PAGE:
Yesterday morning, Frank White was a Hall of Famer, a Kansas City boy who grew up to be one of the greatest Royals of all time, a loyal soldier who toiled as a AA manager hoping to make it to the bigs, and settled on being a broadcaster. Yesterday afternoon, Frank White was unemployed and intent on severing his long-time relationship with the Royals.
Kansas City Star sports scribe Sam Mellinger talked to White, who says he and the Royals are kaput.
“I’m done with the Royals,” he says. “In all aspects. I’m tired. I’ve worked so hard to build my reputation and prove to them that I was loyal.”
Loyalty, it appears, comes at a cost.
White joined the broadcast booth instead, eventually taking on a heavier workload after primary TV analyst Paul Splittorff became sick. All the while, White tiptoed around Hillman, intentionally never asking a question in news conferences and taking notice that nobody asked him to work with the infielders or about his opinions on players.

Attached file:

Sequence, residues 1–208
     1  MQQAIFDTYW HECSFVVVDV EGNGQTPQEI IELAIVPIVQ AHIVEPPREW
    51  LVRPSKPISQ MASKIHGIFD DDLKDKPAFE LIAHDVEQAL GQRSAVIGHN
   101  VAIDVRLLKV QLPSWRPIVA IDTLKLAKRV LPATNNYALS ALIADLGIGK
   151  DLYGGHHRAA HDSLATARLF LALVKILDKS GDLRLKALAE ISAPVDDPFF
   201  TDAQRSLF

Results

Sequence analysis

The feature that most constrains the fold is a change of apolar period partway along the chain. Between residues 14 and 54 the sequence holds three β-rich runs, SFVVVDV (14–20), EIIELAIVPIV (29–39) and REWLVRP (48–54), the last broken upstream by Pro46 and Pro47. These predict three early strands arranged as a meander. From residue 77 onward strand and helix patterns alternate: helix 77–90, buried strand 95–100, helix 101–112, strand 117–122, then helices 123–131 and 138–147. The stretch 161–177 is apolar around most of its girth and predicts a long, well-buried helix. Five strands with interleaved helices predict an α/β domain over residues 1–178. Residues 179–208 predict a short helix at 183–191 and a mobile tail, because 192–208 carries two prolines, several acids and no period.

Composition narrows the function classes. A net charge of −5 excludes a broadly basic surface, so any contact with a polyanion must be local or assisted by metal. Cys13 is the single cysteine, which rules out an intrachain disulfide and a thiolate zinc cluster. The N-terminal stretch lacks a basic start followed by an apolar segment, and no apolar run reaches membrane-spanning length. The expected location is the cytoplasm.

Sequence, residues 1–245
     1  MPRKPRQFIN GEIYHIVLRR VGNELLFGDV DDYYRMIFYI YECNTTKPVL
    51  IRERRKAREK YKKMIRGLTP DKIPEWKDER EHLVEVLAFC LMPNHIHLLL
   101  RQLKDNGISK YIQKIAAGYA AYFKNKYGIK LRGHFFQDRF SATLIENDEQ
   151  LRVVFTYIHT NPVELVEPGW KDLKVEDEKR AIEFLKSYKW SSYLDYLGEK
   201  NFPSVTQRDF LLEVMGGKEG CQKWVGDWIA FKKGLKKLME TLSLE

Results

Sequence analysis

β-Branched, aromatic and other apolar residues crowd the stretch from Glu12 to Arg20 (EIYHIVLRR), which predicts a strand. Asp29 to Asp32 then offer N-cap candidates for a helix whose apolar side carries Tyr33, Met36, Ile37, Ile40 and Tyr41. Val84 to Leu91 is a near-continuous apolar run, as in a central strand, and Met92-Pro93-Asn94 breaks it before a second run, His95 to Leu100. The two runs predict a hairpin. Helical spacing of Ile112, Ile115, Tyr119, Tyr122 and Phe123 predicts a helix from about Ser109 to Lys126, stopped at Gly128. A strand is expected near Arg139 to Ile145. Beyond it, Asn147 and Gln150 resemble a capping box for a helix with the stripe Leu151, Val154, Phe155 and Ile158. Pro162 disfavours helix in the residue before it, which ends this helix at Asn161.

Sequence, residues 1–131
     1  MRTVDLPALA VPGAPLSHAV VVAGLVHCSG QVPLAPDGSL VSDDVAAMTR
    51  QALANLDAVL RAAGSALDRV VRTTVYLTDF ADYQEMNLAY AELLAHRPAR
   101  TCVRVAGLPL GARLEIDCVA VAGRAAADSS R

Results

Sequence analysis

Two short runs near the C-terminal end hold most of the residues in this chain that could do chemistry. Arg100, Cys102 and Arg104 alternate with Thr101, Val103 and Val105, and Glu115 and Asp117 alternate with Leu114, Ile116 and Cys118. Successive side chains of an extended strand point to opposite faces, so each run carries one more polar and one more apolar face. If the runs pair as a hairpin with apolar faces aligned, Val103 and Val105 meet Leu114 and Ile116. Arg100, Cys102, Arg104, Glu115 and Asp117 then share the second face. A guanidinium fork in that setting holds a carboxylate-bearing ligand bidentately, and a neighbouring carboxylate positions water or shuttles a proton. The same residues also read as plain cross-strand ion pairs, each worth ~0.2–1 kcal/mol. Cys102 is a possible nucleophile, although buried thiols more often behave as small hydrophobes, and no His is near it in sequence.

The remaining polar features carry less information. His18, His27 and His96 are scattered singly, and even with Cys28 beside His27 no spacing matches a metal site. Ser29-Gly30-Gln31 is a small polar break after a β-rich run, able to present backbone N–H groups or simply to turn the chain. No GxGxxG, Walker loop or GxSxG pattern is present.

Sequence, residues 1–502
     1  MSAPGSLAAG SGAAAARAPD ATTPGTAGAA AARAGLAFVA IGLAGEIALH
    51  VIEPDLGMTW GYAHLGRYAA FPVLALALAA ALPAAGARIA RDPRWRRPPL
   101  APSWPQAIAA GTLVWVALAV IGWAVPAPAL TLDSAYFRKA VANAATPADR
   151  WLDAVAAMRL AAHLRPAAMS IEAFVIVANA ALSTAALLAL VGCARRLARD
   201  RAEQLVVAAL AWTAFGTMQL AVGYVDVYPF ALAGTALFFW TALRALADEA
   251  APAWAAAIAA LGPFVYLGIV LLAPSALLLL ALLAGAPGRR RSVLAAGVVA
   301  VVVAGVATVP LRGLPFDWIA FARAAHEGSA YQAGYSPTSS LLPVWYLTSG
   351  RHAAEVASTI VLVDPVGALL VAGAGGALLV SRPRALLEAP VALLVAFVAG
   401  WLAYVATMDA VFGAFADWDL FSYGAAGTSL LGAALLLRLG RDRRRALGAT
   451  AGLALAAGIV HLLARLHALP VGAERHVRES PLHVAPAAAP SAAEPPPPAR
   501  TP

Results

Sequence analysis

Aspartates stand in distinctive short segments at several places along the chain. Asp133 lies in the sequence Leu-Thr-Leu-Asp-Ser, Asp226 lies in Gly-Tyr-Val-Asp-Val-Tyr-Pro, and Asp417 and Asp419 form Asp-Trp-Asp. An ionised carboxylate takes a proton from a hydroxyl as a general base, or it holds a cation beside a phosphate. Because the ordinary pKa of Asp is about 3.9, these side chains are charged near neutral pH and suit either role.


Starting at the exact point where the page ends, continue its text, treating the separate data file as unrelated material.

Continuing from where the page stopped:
Those feelings of disrespect grew, turning into a well-known secret until busting into the public last offseason. White’s increased broadcasting schedule meant he could do fewer personal appearances for the Royals, and when the team asked him to take a representative cut from that part of his salary, he voiced his frustration.
He eventually worked things out enough to serve as the primary TV analyst last season, but the raw feelings never went away on either side.
White only felt more disrespected by an organization he cared about his entire life, and the Royals grew more tired of what some viewed as a sense of entitlement and paranoia unbecoming of a man of such accomplishment.
Royals general manager Dayton Moore is being blamed in many circles for White’s ouster from the broadcast booth, which multiple sources adamantly dispute and classify as a collaborative decision.